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|Case Number:||Civil Appeal 30 of 2014|
|Parties:||Muhambi Koja v Said Mbwana Abdi|
|Date Delivered:||29 May 2015|
|Court:||Court of Appeal at Mombasa|
|Judge(s):||Milton Stephen Asike-Makhandia, William Ouko, Kathurima M'inoti|
|Citation:||Muhambi Koja v Said Mbwana Abdi  eKLR|
|Case History:||(Being an appeal from the judgment and order of the High Court of Kenya at Malindi (Meoli,J.) dated 21st March, 2014 In H.C.C.A. No.31 of 2010)|
|History Docket No:||H.C.C.A. 31 of 2010|
|History Judges:||Christine Wanjiku Meoli|
|Case Outcome:||Appeal dismissed.|
|Disclaimer:||The information contained in the above segment is not part of the judicial opinion delivered by the Court. The metadata has been prepared by Kenya Law as a guide in understanding the subject of the judicial opinion. Kenya Law makes no warranties as to the comprehensiveness or accuracy of the information|
IN THE COURT OF APPEAL
(CORAM: MAKHANDIA, OUKO & M’INOTI, JJ.A.)
CIVIL APPEAL NO.30 OF 2014
MUHAMBI KOJA …………………………………………………………………APPELLANT
SAID MBWANA ABDI ……………………………………………………………RESPONDENT
(Being an appeal from the judgment and order of the High Court of Kenya at
Malindi (Meoli,J.) dated 21st March, 2014
H.C.C.A. No.31 of 2010)
JUDGMENT OF THE COURT
Although the memorandum of appeal lists five grounds, in our view only one broad question falls for our determination, that of proof of ownership of motor vehicle registration number KAN 507 Q. That was the sole ground argued before us.
This in summary is how this question arose in the two courts below, this being a second appeal. By a plaint initially filed in the Chief Magistrate’s Court at Malindi in Civil Suit No.235 of 2007 and subsequently amended and filed on 8th August, 2008 the appellant who had been involved and injured in a road traffic accident with the aforesaid motor vehicle on 1st December, 2005 instituted an action against the defendants, Said Mbwana Abdi (the only respondent in this appeal) and Caroline Nyambura Mwenje,(not a party in the appeal) claiming that the former was the insured and/or beneficial owner of the vehicle and the latter its registered owner; that the motor vehicle was so recklessly driven by the defendants’ authorized driver, servant and/or agent that it lost control, veered off the road and knocked down the appellant on the side walk of the road, occasioning him serious bodily injuries. For these he claimed from the defendants jointly and severally Kshs.253,440.40 in special damages, general damages, costs of the suit and interest. Caroline Nyambura Mwenje did not enter appearance and judgment was entered against her. We note that the respondent in his statement of defence denied being the owner of the motor vehicle. At the trial, the following evidence respecting ownership was presented. The appellant stated that;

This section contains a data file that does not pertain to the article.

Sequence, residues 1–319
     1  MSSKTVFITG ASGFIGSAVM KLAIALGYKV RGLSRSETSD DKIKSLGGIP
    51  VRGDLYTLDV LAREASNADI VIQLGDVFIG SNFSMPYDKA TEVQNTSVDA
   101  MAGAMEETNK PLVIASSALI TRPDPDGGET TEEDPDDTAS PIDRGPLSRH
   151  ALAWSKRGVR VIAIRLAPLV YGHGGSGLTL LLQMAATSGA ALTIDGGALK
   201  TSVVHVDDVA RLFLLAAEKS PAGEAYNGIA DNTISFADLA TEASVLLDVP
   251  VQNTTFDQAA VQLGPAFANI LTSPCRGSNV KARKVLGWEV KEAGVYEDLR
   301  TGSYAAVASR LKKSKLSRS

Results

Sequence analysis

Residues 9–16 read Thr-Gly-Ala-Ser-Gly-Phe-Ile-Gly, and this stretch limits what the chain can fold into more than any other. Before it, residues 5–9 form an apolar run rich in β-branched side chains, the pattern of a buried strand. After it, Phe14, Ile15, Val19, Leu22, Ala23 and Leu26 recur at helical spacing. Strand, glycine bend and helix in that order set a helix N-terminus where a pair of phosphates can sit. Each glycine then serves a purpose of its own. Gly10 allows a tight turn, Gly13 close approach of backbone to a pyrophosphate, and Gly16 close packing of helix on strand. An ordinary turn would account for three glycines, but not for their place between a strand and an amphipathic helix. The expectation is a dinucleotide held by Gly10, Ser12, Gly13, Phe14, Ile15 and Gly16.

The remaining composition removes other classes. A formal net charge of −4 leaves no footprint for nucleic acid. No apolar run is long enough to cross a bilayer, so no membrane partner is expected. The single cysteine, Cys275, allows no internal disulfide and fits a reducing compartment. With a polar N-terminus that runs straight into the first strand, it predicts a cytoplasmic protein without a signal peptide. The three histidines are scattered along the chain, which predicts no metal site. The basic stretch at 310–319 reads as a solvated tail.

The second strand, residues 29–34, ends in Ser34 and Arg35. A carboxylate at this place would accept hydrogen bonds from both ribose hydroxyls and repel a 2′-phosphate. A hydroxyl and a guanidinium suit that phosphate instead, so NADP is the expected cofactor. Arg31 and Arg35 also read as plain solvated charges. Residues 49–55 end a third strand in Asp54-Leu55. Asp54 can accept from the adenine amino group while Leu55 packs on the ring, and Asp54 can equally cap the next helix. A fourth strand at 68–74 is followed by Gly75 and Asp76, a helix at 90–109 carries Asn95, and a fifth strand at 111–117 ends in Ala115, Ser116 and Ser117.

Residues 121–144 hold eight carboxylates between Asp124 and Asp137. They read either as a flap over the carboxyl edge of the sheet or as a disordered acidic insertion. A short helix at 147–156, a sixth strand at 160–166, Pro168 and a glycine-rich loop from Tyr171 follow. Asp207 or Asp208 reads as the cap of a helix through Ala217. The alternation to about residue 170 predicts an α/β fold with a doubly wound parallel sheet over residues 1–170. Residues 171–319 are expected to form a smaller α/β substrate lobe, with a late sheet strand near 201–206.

“The vehicle was KAL 507 Q Toyota (should be KAN). The vehicle is owned by Said Mbwana. He is the one I sued as 1st defendant. I knew the vehicle was being used as a taxi. Police investigated and found the vehicle is owned by Said Mbwana.”
In cross examination, he explained that;
“The vehicle as per the search is owned by Caroline Nyambura, who I sued as 2nd defendant. She is the owner. When the vehicle was working it belonged to Said Mbwana Abdi. He is the one who was driving. It was a taxi”
As will shortly become apparent the respondent was not driving the vehicle when it was involved in the accident. P.C Gordon Kwendo, on behalf of the investigating officer produced the police file containing police abstract report in which it was declared that the respondent was the owner of the vehicle. The witness also confirmed that from their record the registered owner was shown as Caroline Nyambura Mwenje. The respondent himself did not testify. Instead, on his behalf Karisa Gumbe Muguaru did.
“I know Said Gona Abdi as he is the owner of the vehicle. …. On 1st January, 2005 I was driving the vehicle from Malindi to Mombasa…. A person from the left side heading to the right without checking ….I was driving on the left lane. He was hit by the vehicle. He was hit and I stopped.”
He continued as follows in cross-examination;
“Said Gona is my friend. I had authority to drive the vehicle”
From that evidence the learned trial Magistrate found, on the question under our review, that;